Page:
In some cases a software driver may be necessary to translate the signal(s) generated by the touch screen to a signal that is recognizable by a particular system processor. Any suitable touch screen technology, such as resistive, capacitive, or surface acoustic wave type touch screens, can be used in various embodiments of the present inventions. Touch screens can use liquid crystal display (LCD), cathode ray tube (CRT), plasma screen or other type monitors. The profile execution and management according to the present invention, however, are not directed to any particular touch screen hardware configuration or architecture, and may be used with user consoles of any type. Likewise, the present invention is not limited to use in connection with an MFD with any particular combination of operational capabilities. Further, in some embodiments, profile execution need not require insertion of a document; rather, profile execution can begin upon selection of the profile from the user console.

If the profile selected from a listing of profiles displayed on the multifunction device's 130 display screen is a non-interactive profile, then the multifunction device 130 can execute the profile without requiring further user interaction. If the user selected profile is an interactive profile, a combination of one or more interfaces (such as illustrated in FIGS. 5-11) can be displayed to the user via the user console 135. The interfaces are utilized by the system to interactively request data from the user.

In one embodiment, the user inputs requested data into the system via the console 135. The particular interfaces used depend upon the information contained in the selected profile. The document capture process begins when pre-capture-required, system requested data, if any, are obtained from the user. In some embodiments, a subset of the obtained interactive data can be subsequently packaged and included in a data structure that will precede that scanned document upon its transmittal to a final destination.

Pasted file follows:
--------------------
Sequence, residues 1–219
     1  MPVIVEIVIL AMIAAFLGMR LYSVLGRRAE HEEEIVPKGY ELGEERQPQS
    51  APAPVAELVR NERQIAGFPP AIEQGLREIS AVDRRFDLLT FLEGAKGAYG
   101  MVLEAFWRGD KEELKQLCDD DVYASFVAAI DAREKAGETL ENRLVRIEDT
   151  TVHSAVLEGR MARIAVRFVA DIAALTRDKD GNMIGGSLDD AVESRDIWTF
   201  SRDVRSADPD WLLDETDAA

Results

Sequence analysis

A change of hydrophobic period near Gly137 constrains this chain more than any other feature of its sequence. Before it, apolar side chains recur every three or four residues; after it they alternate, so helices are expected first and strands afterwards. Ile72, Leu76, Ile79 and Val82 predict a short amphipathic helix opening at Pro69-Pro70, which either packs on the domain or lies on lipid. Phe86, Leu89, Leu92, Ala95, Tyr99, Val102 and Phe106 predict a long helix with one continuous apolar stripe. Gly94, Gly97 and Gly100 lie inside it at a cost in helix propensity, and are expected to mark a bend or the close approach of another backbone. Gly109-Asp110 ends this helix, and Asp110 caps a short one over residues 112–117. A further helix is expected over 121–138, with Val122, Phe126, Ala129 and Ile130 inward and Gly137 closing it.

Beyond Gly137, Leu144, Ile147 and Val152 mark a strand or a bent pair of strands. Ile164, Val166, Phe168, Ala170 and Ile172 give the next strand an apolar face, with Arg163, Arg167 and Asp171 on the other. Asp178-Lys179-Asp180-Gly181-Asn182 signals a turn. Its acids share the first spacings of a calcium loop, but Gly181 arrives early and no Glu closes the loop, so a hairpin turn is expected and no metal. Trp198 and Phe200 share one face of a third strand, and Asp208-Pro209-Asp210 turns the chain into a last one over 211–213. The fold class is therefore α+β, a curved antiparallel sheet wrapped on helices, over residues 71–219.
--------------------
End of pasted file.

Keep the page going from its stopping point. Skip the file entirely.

In one exemplary embodiment, the profile management and execution system includes a system processor potentially including multiple processing elements. The term processing element may refer to (1) a process running on a particular piece, or across particular pieces, of hardware, (2) a particular piece of hardware, or either (1) or (2) as the context allows. Each processing element can be supported via an ARM and/or MIPS RISC processors. Alternatively, a standard general purpose processor such as an Intel-compatible processor platforms using at least one PENTIUM III or CELERON (Intel Corp., Santa Clara, Calif.) class processor or UltraSPARC (Sun Microsystems, Palo Alto, Calif.) could be used in other embodiments.

The system processor may also include one or more application specific integrated circuits (ASICs) and/or field programmable gate arrays (FPGAs) to support all or some of the desired functionality. In some embodiments, the system processor may include a combination of general purpose processors, ASICs and/or FPGAs. In some embodiments, profile management and execution functionality, as further described below, may be distributed across multiple processing elements.

The exemplary architecture includes an SDS that could include a variety of primary and secondary storage elements. In one embodiment, the SDS would include RAM as part of the primary storage and be integrated into the multifunction device. The amount of RAM might range from 512 KB to 32 MB, although these amounts could vary and represent overlapping use (such as where the hardware platform is used for other purposes rather than solely for supporting the functionality of the present invention). The primary storage may in some embodiments include other forms of memory such as cache memory, registers, non-volatile memory (e.g, FLASH, ROM, EPROM, EEPROM etc.), etc.

The SDS can also include secondary storage including single, multiple and/or varied servers and storage elements. For example, the SDS can use internal storage devices connected to the system processor. In embodiments where a single processing element supports all of the profile management and execution functionality, a local hard disk drive can serve as the secondary storage of the SDS, and a disk operating system executing on such a single processing element may act as a data server receiving and servicing data requests.